The boss of an auto repair shop has been given the green light to continue his fight against Glasgow's Low Emission Zone (LEZ).

William Paton, company director of Patons Accident Repair Centre in Townhead, is set to move forward with his bid to have phase two of the LEZ deemed unlawful.

In a decision at the Court of Session on Thursday, July 27, judge Lady Poole ruled the case can proceed after Mr Paton presented his argument that air quality standards were met amid phase one of the scheme, negating the need for phase two.

The court has not yet commented on the specific grounds of Mr Paton's petition. At this stage, it has only been decided that the petition is allowed to proceed to a full hearing of the claims.

Glasgow Times:


The parties involved received a written judgement on Friday (July 28) evening.

A procedural hearing is set for September 8 and will be followed by the judicial review on October 17.

The LEZ came into force on June 1, banning thousands of vehicles from the city centre that do not meet emissions requirements.

A spokesperson from Glasgow City Council has said that the case will be "vigorously contested".

Mr Paton said: "In our mind, this is a huge win.

"We started speaking to the council and outlined our personal and commercial concerns about the low emission zone, its necessity, and whether the data should be revisited.

"It's a huge amount of people that are going to be affected. I've been affected by the low emission zone. That's why this feels like a win for us."

We revealed in May that Patons commissioned a report by the Hilson Moran Institute to study the impact of the first phase of the LEZ for buses in the city centre which came into force in 2018.

The report found that air quality aims were achieved in phase one and the second phase impacting other vehicles would not lead to any further improvement in air quality.

Glasgow Times:

Glasgow's Low Emission Zone (LEZ) spells disaster for local business

Glasgow LEZ: legal bid launched by business to halt scheme

Firm's court battle to halt Glasgow LEZ will go on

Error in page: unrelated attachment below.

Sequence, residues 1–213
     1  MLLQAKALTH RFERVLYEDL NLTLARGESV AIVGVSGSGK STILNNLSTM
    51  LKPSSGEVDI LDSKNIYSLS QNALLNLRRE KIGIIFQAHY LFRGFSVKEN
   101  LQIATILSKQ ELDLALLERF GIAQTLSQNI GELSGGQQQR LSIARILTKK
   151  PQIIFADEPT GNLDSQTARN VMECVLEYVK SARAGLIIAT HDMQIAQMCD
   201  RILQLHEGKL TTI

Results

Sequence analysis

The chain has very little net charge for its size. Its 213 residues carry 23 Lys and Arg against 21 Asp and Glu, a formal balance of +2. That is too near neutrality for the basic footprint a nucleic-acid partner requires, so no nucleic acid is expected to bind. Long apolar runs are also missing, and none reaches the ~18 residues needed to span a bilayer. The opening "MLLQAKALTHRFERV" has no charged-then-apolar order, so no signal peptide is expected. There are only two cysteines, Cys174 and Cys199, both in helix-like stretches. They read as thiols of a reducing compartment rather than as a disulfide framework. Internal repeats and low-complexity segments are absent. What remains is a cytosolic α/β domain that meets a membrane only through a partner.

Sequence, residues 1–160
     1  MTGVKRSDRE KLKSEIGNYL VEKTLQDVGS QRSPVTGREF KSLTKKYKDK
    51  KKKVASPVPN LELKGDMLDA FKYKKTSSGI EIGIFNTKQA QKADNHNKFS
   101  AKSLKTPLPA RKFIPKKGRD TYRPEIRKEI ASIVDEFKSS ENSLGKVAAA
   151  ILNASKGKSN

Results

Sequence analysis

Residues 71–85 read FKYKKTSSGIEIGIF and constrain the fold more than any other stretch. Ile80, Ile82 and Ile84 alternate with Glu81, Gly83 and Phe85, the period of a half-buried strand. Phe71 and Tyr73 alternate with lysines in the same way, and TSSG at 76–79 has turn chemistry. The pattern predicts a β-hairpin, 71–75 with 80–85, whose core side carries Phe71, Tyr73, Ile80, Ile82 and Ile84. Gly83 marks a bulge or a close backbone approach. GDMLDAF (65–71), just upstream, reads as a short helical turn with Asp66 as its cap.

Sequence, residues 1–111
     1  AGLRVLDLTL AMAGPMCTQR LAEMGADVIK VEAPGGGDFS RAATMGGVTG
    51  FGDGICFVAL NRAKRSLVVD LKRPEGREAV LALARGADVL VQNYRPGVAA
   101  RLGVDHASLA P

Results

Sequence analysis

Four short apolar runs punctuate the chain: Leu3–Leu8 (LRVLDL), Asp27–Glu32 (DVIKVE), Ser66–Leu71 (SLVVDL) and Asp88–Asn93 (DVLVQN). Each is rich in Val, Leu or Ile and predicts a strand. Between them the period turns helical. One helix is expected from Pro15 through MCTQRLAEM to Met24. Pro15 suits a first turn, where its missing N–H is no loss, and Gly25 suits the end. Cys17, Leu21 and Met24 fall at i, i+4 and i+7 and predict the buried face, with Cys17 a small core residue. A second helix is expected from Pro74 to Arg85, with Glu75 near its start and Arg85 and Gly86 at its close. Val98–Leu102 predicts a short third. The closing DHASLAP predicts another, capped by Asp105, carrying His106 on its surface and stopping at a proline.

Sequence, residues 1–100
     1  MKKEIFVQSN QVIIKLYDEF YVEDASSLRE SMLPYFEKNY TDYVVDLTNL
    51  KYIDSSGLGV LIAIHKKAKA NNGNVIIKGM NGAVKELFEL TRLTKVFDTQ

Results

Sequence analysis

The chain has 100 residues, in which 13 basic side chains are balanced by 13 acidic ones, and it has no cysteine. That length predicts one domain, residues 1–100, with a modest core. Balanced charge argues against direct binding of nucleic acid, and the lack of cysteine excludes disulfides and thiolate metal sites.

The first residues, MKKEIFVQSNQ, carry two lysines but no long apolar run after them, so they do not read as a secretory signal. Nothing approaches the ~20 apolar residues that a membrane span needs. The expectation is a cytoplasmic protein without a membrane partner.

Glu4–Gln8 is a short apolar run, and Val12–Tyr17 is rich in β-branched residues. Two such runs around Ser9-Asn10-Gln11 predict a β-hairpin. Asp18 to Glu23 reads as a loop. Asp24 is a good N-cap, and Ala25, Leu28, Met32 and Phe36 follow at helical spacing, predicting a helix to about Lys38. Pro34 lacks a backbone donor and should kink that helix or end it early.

Mr Paton said: "The independent expert analysis showed that phase two wasn't required.

"It showed that compliance had been achieved in 2022 with all Air Quality Scotland objectives, it showed a continuing downward trend with no further action at all from the natural renewing of older vehicles with cleaner ones without the requirement for a phase two.

"What stuck in our mind was that we were told if we got this to judicial review, we had a decent chance.

"There's evidence here to show that the public will be massively disaffected by this. Massively."

The biggest hurdle Mr Paton's campaign had to overcome was the case being time-barred and not allowed to move forward due to the statute of limitations passing, he says.

He added: "We were incredibly pessimistic about defeating time-barred because it's such a strict test.

"Thankfully, we've gotten past that hurdle and now we have a fair and open judicial review.

"We had the hearing last Thursday, and then we heard on Friday we're going to get our day in court.

"It's a huge win for us and a huge win for the people of Glasgow. It's now time to ramp up and get the hard work done.

A council spokesperson said:  “The court did not comment on the specific grounds of the petition and made no finding on air quality levels - rather the petition was allowed to proceed to a full hearing where its claims will be fully examined before any decision is made.

“As we have said previously, the case will be vigorously contested.”

Now, Mr Paton has launched a fundraiser with a target of £200,000 to cover the legal costs of his case.

He said: "Any surplus funds received will be donated to the charities within the LEZ of Glasgow that have already had to spend money on complying with this scheme they could have put to better use feeding and helping the people of Glasgow."

To find out more about the fundraiser, click here.